I have never been a tattoo guy. I have been asked a lot if I ever wanted one. The answer was always the same, “No, not really.” I always told people If I got one, I would wake up the next morning, hate it, and want it changed. However, I always added that I would only get a tattoo if something monumental happened in my life. And then my bride got cancer.
From the very beginning, I knew I was going to get a tattoo. I also knew that some in my life would not understand. I wrestled with this thought over the past few month. There are some people I know who have always spoken of tattoos in a very negative way. I have heard sermons and listened to individuals ramble on about how terrible they were. I have never felt that way. I have never bought into any of the arguments. So, the decision to go get ink was not hard.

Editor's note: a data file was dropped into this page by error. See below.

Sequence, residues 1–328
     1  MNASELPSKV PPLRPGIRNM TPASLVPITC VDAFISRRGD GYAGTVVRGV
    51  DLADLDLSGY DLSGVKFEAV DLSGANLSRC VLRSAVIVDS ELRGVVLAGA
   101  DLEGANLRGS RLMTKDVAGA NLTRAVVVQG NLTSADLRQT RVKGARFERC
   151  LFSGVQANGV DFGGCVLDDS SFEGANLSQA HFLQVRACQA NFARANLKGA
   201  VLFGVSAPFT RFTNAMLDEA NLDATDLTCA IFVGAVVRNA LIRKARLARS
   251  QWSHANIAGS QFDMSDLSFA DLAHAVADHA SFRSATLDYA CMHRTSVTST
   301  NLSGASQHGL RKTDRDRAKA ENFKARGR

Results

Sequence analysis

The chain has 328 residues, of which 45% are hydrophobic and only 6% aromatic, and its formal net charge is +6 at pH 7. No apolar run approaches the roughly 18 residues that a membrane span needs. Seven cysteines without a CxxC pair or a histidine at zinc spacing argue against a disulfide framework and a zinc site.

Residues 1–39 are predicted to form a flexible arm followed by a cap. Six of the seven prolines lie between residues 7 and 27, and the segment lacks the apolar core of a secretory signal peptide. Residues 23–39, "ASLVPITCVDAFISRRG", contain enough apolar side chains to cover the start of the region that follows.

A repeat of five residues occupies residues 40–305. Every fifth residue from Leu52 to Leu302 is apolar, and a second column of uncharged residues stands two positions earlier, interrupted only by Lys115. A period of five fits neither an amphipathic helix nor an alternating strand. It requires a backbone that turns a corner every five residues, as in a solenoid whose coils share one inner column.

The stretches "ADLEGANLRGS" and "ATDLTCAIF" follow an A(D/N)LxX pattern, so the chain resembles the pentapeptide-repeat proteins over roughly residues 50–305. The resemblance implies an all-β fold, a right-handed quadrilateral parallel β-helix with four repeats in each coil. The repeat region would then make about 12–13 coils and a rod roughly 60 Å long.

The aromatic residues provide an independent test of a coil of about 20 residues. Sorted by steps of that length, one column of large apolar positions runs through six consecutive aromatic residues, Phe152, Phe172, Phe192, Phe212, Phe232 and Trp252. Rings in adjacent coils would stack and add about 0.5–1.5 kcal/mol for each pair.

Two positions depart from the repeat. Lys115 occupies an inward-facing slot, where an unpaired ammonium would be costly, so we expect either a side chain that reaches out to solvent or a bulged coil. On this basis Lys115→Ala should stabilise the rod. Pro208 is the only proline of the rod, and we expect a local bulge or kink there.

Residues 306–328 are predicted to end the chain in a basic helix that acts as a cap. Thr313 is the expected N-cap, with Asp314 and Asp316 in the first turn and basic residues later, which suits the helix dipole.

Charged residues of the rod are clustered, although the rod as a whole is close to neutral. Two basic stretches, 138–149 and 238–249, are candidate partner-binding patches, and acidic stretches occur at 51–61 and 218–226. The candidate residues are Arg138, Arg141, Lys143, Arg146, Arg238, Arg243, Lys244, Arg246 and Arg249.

For anyone who wants to know my rationale, here it is. My wife’s body has been forever scarred. She will never be the same. I decided, if she was going to be marked by cancer, I would be marked as well. She has also gone through terrible amounts of pain and I wanted to join her in a small way by experiencing some pain myself. Mine would never amount to what she has experienced, but at least it would be a small gesture.